The Great Divorce, by C.S. Lewis


C.S. Lewis brings to us his book, The Great Divorce, and we learn of its message through a narrator who we meet standing waiting at a bus stop on the way to Grey Town.  The bus arrives, is then filled with passengers, and it leaves, flying over the very large city ahead.  On the bus everyone is visiting about how they had died, and some are upset finding themselves on the same bus as others they had known during their life.

At one point the narrator is surprised to find he has no body, only a spirit, and he starts to see the others as ghosts. When they arrive at the next bus stop Grey City is behind them and ahead are beautiful mountains and bright lights and colors. Spirits with bodies are there greeting the ghosts and asking them to come to the mountains with them. The tell the ghosts they can come but will have to give up hate and begin to love and they learn that hate is evil, and love is accepting God. Everything at this bus stop is motionless and the ground where they are is hard and it is difficult to walk, or even stand on, so they need to decide which way to go.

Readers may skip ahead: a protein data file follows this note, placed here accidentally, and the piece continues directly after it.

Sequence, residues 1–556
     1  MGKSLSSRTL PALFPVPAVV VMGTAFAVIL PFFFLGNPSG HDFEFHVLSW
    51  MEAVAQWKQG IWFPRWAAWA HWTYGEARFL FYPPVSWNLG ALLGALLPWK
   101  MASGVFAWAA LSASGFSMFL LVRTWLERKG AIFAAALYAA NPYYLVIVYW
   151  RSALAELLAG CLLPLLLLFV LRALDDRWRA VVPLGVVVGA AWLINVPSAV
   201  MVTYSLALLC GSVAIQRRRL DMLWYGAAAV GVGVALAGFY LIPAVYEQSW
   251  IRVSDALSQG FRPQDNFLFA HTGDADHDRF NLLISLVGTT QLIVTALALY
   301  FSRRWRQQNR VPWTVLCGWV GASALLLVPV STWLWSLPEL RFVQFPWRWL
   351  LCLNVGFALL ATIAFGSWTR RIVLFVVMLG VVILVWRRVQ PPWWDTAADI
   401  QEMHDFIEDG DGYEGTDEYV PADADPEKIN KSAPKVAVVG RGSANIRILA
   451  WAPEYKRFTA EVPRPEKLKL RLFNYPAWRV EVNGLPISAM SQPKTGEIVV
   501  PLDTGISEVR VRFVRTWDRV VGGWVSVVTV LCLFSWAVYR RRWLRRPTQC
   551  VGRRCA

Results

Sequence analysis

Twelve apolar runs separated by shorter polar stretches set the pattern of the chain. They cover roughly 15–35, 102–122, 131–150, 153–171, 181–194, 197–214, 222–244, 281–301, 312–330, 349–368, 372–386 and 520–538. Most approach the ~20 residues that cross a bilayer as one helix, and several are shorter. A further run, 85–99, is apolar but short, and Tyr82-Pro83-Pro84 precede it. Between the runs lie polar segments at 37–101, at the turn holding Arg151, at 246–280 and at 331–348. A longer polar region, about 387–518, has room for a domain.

Most of the ghosts do not choose to go with the spirits with bodies and go back to the bus wanting to return to Grey Town.

A great quote from this book sums up the message and story, “There are only two kinds of people in the end: those who say to God, "Thy will be done," and those to whom God says, in the end, "Thy will be done." Lewis’s point is that: All that are in Hell, choose it. Without that self-choice there could be no Hell. No soul that seriously and constantly desires joy will ever miss having it.


“You cannot love a fellow creature fully till you love God.” 

“There is but one good; that is God. Everything else is good when it looks to Him and bad when it turns from Him.” 

“There is no other day. All days are present now. This moment contains all moments.”